Names that still carried the weight of history were on small placards on the edge of each tiny open concrete bridge. Trunk Butte Creek, Chadron Creek, Ash, Squaw, White Clay, Beaver, and the names that adorn creeks across the west, and in nearly every Wyoming county, Willow and Cottonwood Creeks.

The funny thing was, they were creeks in name only. The grass was greener, but in late July there was no open water in any of them. Even the mighty Niobrara River, (ok, maybe that’s an overstatement) is just an underground aquifer as it flows east in its subterranean lair from Lusk in Niobrara County until it surfaces near Hemmingford, Nebraska, and turns into a substantial river of the Great Plains.

All these creeks, but no water. Go east on Highway 20 to Valentine, and then continue into eastern South Dakota, Iowa, and Southern Minnesota and the scenery changes dramatically. They dig ditches in this area to drain water, not to bring it to crops as we do.

But, back to those narrow brick roads in Mariana, Arkansas. The same narrow roads were found in Blytheville, a few dozen miles north of Mariana when we live in eastern Arkansas in the mid-1960s.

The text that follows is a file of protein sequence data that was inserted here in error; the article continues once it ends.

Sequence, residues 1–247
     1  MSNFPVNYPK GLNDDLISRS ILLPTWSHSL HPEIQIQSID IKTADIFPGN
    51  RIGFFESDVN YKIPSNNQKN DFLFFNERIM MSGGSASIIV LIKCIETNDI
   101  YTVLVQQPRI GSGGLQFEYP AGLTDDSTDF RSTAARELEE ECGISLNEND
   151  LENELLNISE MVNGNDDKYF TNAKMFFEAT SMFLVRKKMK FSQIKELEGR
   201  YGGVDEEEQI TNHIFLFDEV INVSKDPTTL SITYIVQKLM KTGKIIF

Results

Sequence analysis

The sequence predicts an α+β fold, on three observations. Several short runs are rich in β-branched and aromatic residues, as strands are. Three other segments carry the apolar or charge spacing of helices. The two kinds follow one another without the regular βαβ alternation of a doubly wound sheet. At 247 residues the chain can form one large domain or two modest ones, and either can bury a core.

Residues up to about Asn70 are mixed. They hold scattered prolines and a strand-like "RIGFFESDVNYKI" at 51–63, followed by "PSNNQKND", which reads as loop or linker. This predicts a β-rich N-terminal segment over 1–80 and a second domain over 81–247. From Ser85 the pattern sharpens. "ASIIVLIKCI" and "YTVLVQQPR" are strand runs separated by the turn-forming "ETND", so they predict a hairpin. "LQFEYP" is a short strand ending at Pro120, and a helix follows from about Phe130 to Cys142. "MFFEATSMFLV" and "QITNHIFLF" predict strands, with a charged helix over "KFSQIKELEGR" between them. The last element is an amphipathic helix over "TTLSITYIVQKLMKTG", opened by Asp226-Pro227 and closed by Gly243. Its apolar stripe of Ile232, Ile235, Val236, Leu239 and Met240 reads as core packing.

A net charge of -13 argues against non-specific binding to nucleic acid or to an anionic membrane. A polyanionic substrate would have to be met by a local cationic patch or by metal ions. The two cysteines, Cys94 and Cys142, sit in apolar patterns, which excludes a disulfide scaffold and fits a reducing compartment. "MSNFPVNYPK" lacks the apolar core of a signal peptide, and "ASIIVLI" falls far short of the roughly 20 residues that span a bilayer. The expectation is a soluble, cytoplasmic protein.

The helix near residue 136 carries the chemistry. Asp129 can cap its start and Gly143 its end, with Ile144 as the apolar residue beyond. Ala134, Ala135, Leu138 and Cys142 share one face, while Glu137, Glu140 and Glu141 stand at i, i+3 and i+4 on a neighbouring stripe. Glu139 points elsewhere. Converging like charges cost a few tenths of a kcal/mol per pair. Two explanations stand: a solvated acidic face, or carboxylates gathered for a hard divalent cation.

The extreme between the narrow streets in the old section of Blytheville and the mighty Mississippi, one of the great rivers of the world a few miles east are epic.  At Blytheville, just above Memphis, Tennessee, the Mississippi is still over a mile wide and a hundred feet deep.

I find it interesting that Wyoming roads are so wide, and our rivers so narrow, or nearly nonexistent, while the massive Mississippi, and the equally impressive Ohio, Monongahela, and Youghiogheny rivers of Pittsburgh are lined by cities with streets so narrow that pickup trucks sometimes must bring in their mirrors to navigate them.

Wide rivers, narrow streets, rivers you can jump across, and wide streets, it’s yet another example of the consternation of man when we encounter physical changes in the world around us.

When Brigham Young brought his people across the prairie from Missouri to Deseret, he was one of the first to utilize the vastness of the American West to full advantage.

If you travel to the heart of a Mormon community, in towns like Afton, Kemmerer, and Lovell which were founded by Latter Day Saints members you’ll find incredibly wide streets in the original sections of each town.